On a gorgeous sunny April day, crowds gathered at the Renwick Gallery, home to exhibits of the Smithsonian’s American Art Museum. The current exhibit, which opened a few weeks ago and consumes the gallery’s entire floor space, focuses on the art of the Burning Man festival held annually in the Nevada desert.
Judging from the throngs in attendance—the line to get into the building snaked all the way across Pennsylvania Avenue—the Renwick has a hit on its hands. It appeared to approach the popularity of the “Wonder” exhibit the Renwick hosted nearly three years ago. Coming as the gallery reopened after a multi-year renovation, that exhibit turned a relatively quiet artistic outpost that tourists stumble upon while walking by the White House into a destination visited by nearly three-quarter million locals and tourists.
Signs around the current Burning Man exhibition hinted at larger forces at play. They echoed the gallery’s website: “We encourage visitors to take photos and post to social media using the hashtags #NoSpectators #RenwickGallery.”
One couldn’t help but notice a hint of irony. As the commentary throughout the exhibit noted, Burning Man provides an opportunity for participants to escape from technology—WiFi, cell phones, and screens of all sorts—during their week in the forbidding desert.
Yet the exhibit actively encourages individuals to contradict the spirit of the event the exhibit celebrates, prodding them to post pictures online to generate social media buzz. Many, if not most, of the visitors over the weekend did just that, snapping pictures, taking videos of the moving displays, and posing for selfies, often while stumbling over other guests doing the exact same things.
Therein lies the art world’s current conundrum: Encouraging individuals to engage with art often involves appealing to their narcissistic instincts. Case in point: The Hirshhorn Gallery’s exhibit of Yayoi Kusawa’s “Infinity Mirrors” last spring. As a Cleveland blog described it, Kusawa’s exhibit continues “the trend of excessively long online wait times to access cultural experiences, which will undoubtedly saturate your social media feeds” once the exhibit opens in Ohio later this summer.
“Infinity Mirrors” helped attract attention for, and dollars to, the Hirshhorn. One membership level grew by 500 percent, largely because people realized that buying membership guaranteed access to an exhibit with more demand than tickets. But to what end?
The exhibition involves a series of mirrored chambers, and guests spend roughly 20-30 seconds in each chamber. When I visited the “Infinity Rooms” exhibit last spring, one of my fellow guests complained—loudly, and repeatedly—to Hirshhorn staff, because I ended up sharing one of the infinity rooms with her.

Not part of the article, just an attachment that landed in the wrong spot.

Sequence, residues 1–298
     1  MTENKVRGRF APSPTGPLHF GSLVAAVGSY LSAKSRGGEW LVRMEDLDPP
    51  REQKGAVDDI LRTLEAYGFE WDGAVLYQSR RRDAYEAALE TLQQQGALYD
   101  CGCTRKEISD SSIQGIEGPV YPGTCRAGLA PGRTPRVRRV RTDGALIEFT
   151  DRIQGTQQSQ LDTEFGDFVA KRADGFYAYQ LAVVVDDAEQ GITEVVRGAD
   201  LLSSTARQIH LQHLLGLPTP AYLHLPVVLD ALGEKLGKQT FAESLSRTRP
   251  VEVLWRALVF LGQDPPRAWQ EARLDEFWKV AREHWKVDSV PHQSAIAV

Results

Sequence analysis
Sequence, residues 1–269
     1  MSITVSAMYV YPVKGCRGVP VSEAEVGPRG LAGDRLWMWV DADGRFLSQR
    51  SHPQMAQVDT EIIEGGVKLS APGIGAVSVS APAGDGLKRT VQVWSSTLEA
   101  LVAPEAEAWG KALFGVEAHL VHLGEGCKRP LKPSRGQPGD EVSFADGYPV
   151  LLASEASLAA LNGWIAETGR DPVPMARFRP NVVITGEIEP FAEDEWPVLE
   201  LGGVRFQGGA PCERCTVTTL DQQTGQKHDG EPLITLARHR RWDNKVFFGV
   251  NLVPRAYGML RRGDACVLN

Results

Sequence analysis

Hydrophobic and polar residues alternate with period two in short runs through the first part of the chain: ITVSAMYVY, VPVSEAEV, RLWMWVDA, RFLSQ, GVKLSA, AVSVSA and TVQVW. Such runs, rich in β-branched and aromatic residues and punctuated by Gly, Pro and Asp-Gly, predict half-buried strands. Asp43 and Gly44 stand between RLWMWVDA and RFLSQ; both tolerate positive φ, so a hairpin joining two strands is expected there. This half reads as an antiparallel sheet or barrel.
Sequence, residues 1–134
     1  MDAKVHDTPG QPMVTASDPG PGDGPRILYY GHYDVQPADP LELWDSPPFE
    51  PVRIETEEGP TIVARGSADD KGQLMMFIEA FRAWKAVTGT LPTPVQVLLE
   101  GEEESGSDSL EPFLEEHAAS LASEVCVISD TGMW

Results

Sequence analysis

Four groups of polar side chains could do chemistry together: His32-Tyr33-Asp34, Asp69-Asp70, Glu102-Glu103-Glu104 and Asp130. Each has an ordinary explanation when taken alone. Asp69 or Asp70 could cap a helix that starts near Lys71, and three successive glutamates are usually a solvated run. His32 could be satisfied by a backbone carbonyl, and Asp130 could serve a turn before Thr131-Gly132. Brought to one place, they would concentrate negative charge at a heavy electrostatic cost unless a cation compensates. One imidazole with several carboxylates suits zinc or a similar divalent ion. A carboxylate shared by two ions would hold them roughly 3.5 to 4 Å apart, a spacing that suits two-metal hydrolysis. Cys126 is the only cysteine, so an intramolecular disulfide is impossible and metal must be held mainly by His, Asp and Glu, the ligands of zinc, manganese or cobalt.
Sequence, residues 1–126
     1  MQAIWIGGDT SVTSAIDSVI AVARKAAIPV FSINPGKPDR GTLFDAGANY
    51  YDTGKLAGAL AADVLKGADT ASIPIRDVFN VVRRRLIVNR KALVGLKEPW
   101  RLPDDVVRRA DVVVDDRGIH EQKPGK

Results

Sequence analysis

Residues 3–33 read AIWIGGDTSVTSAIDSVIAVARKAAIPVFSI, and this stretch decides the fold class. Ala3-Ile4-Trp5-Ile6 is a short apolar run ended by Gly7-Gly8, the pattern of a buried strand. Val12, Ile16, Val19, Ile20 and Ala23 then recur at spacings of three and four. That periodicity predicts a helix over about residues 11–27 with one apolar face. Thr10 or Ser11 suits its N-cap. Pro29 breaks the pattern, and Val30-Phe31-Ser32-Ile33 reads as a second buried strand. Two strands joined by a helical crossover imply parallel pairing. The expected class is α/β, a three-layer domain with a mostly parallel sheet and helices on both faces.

Mind you, my presence in the infinity chamber did not impede my fellow guest’s ability to appreciate Kusawa’s art, nor she mine. However, because one cannot escape the reflection of another person in a chamber with six mirrored walls, my presence did impede her ability to take photos to post to social media.
In other words, it’s all about the selfie. It isn’t about appreciating art, it’s about the visitor being seen in the presence of the art, basking in its reflected glory rather than using it as a medium to search for, or reflect upon, any higher meaning.
One can make a compelling case for exhibits like “Infinity Mirrors,” “Wonder,” and the Renwick’s Burning Man show. Museums need to bring art to the people, and that art should go beyond unintelligible postmodern paintings hanging in hushed galleries. Using buzzworthy exhibits to engage the broader public, particularly younger generations, in art will lead them to a deeper appreciation over time.
On the other hand, the extent to which these exhibits only further indulge the vanity of an already self-absorbed society should give one pause. At its best, art should prompt thought and emotion, ranging from joy to outrage and everything in between. If instead of reflection art prompts a reflex—to snap the ultimate selfie—what does that say of modern man’s ability to look beyond himself?
The Renwick’s Burning Man exhibit notes that many of the festival’s attendees have come to lament the creeping commercialism associated with the gathering, to the point that “Burning Man Was Better Last Year” has become an annual mantra. Unfortunately, given our current culture, the same might be said of art in general—not because of the people who create it, but the people who use art not to appreciate others but to adorn themselves.